Exclusive: Goldman and other financial firms hire people in China and monitor growth


© Reuters. FILE PHOTO: The Goldman Sachs company logo resides in the corporate area on the floor of the NYSE in New York


By Scott Murdoch and Samuel Shen

HONG KONG (Reuters) – Global financial firms like Goldman Sachs (NYSE :), BlackRock (NYSE 🙂 and Fidelity International are poised to hire hundreds of employees in China this year to capitalize on opening up their $ 40 trillion financial sector.

Beijing has accelerated the pace of liberalization over the past year and a half, mainly under a trade agreement with the United States, allowing foreigners to fully own their local businesses in areas such as investment banking and wealth management.

After Western companies received regulatory approval to increase stakes and dealt with the disruptions caused by the COVID-19 pandemic, they are now preparing plans to increase their presence ashore, representatives and headhunters said.

Foreign financial firms have long wanted a greater presence in China, and their expansion comes amid an economic recovery, increased onshore deal activity, and rapid wealth creation.

Goldman is leading the indictment against Wall Street banks operating in China – the first to go into full takeover of the securities business after being fully opened to foreigners last April.

According to a Goldman spokesman, 70 employees will be hired in China by 2021, doubling the number to 600 by 2024. The bank currently employs around 400 people. The new hiring round is aimed at investment bankers, brokers, analysts and technology professionals.

Fidelity tripled its Shanghai office space in September to accommodate a rapidly growing workforce, and is preparing to launch its wholly owned mutual fund unit after China removed foreign ownership caps in the sector last year.

The fund manager plans to hire around 100 people in China this year, excluding the Dalian operations and technology center, the company told Reuters.

“We hope to be able to hire high-end talent with a global perspective and local insight into what is in short supply in the current market,” it said.

BlackRock, which is building a 51% controlled wealth management company in China with Temasek Holdings and China Construction Bank (OTC 🙂 Corp (SS :), is putting a glass door on at least a dozen senior positions for the company, according to global recruiting sites.

The vacancies, according to recently published job advertisements, include the vice president of commerce, the vice president of marketing strategy, the head of risk and quantitative analysis, and the fund operations manager.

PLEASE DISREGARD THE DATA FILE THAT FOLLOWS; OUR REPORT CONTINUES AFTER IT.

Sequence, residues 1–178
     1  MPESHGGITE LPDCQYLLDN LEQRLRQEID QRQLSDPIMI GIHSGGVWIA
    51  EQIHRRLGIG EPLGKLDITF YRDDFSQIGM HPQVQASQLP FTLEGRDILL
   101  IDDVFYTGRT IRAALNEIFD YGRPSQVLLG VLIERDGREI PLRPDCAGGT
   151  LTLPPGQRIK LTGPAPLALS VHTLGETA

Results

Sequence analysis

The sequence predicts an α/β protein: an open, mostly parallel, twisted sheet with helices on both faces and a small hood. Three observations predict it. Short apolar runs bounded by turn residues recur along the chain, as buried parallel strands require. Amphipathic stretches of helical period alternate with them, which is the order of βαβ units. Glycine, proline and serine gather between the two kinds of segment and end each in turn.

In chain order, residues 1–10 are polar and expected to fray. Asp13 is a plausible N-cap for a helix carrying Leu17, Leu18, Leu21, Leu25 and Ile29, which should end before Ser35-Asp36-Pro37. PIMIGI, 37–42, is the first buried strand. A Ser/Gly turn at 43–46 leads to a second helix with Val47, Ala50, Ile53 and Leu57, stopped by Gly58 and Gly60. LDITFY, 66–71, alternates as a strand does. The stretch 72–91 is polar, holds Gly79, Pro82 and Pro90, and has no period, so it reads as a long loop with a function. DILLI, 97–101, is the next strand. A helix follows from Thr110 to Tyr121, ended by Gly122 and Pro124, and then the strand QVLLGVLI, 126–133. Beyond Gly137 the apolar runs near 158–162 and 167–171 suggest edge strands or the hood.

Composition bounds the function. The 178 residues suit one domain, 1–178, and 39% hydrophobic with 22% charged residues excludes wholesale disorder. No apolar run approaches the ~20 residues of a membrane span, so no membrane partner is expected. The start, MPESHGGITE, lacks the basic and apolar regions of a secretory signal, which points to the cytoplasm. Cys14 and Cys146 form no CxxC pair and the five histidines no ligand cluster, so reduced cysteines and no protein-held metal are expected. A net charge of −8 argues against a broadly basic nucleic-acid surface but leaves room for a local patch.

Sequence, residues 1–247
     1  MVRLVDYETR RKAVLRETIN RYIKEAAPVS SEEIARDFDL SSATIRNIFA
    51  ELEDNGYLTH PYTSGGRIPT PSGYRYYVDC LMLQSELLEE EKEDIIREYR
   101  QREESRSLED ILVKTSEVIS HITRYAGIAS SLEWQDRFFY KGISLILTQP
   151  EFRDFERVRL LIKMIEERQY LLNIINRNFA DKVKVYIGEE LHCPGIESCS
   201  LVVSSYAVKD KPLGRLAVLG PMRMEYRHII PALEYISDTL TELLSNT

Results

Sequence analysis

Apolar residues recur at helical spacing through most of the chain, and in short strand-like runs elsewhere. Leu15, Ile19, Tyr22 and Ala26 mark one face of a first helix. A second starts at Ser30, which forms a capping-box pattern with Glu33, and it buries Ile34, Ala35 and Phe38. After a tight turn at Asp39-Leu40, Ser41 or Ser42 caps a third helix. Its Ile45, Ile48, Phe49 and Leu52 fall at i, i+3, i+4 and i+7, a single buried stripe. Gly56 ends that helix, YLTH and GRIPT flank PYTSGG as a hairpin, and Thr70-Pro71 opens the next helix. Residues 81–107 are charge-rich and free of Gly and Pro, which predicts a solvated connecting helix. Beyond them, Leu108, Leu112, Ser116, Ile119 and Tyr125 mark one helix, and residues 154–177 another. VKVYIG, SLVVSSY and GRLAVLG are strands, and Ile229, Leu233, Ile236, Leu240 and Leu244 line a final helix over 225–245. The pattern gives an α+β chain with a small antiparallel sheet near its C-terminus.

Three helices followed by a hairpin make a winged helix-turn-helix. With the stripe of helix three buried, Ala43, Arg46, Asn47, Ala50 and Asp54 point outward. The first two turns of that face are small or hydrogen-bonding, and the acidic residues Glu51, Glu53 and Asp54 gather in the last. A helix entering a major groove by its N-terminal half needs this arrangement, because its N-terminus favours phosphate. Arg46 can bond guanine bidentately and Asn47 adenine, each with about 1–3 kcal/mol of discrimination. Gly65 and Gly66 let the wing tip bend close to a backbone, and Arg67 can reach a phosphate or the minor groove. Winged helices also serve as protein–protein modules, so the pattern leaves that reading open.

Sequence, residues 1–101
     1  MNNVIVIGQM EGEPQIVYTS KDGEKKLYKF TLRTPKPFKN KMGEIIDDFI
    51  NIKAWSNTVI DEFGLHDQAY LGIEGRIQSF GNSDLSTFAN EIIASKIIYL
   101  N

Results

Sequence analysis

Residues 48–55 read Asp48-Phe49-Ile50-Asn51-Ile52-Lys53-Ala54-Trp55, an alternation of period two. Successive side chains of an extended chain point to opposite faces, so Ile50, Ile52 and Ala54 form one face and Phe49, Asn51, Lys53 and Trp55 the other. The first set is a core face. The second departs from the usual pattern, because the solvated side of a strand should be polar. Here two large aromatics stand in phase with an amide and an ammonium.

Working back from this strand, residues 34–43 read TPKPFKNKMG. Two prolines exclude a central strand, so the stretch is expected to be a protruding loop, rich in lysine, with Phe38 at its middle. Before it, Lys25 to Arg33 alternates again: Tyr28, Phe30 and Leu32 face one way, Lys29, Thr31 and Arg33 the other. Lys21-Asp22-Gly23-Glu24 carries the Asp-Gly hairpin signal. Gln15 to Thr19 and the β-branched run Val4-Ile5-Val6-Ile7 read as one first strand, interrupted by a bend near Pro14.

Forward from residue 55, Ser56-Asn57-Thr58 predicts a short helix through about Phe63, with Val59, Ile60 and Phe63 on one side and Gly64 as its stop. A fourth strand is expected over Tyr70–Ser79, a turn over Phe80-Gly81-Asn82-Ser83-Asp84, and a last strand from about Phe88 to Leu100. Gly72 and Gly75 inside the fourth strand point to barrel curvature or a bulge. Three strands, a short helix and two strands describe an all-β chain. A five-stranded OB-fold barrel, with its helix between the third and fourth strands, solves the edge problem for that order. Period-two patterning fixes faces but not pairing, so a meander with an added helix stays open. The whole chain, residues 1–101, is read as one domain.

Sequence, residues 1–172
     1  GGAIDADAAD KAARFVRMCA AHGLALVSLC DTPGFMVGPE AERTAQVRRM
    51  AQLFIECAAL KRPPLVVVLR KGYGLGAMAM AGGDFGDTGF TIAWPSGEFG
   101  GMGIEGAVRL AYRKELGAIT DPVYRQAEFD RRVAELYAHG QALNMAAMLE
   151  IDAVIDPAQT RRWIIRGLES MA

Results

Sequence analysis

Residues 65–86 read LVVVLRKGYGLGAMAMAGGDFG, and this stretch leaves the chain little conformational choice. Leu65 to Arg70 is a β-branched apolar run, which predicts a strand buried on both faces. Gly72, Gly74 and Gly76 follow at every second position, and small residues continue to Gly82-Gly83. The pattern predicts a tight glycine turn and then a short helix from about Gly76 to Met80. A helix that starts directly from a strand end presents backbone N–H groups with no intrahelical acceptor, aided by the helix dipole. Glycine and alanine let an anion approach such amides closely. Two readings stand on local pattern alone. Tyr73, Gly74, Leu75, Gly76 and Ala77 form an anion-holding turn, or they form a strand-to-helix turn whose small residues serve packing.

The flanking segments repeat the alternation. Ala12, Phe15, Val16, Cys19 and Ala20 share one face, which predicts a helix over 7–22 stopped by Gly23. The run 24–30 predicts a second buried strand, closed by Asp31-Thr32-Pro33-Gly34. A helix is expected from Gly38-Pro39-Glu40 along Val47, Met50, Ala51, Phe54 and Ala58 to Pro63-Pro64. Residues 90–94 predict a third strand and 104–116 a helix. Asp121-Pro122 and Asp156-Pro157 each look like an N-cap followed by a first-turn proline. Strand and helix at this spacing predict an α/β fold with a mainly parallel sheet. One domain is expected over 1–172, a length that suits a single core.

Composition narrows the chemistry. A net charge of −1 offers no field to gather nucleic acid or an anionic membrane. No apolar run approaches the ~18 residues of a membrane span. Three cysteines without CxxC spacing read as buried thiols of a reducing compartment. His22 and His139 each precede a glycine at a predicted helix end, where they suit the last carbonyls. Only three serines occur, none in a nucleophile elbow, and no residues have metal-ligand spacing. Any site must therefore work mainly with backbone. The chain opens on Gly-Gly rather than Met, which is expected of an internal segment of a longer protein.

BlackRock declined to comment.

Talent war

In addition to opening up the financial sector to foreigners, Beijing has also launched a series of reforms in capital markets, asset management, and insurance in recent years to improve the profitability of western companies.

This has also led to increased activity in the Chinese financial market – Shanghai’s STAR market in the Nasdaq style was ranked fourth in the global stock market rankings last year, with deals worth $ 20.3 billion in 2020, according to Refinitiv .

The hiring plans have increased the chances of a talent war as most try to raid other foreign companies in China. Some of them are also trying to use their existing staff in other locations to expand their Chinese workforce.

For example, Goldman plans to hire new employees domestically while leveraging the talent networks overseas to find the 70 new employees, the spokesman said.

David Chin, the head of UBS China, said the urge to hire people from Western financial firms not only sparked a talent war, but also resulted in banks having to work hard to keep their employees from being poached by rivals.

UBS announced in January that it would double its investment banking workforce in three to five years.

“Of course, we regularly move people from Hong Kong to China, but it needs to be done appropriately. Many people in Hong Kong are not the best fit for mainland China, so the number of potential candidates is limited,” said Chin.

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